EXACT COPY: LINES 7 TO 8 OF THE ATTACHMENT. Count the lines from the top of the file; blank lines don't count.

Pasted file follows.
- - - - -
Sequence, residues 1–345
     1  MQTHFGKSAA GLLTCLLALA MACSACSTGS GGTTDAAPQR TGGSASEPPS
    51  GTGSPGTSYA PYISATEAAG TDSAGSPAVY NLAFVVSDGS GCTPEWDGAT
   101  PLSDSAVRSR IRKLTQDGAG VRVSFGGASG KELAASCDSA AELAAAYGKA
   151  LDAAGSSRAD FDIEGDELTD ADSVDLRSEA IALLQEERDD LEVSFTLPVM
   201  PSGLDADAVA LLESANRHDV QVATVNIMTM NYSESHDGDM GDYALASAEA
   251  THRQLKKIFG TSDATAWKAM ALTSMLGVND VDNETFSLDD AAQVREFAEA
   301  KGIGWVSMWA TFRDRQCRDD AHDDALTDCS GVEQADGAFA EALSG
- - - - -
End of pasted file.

   251  THRQLKKIFG TSDATAWKAM ALTSMLGVND VDNETFSLDD AAQVREFAEA
   301  KGIGWVSMWA TFRDRQCRDD AHDDALTDCS GVEQADGAFA EALSG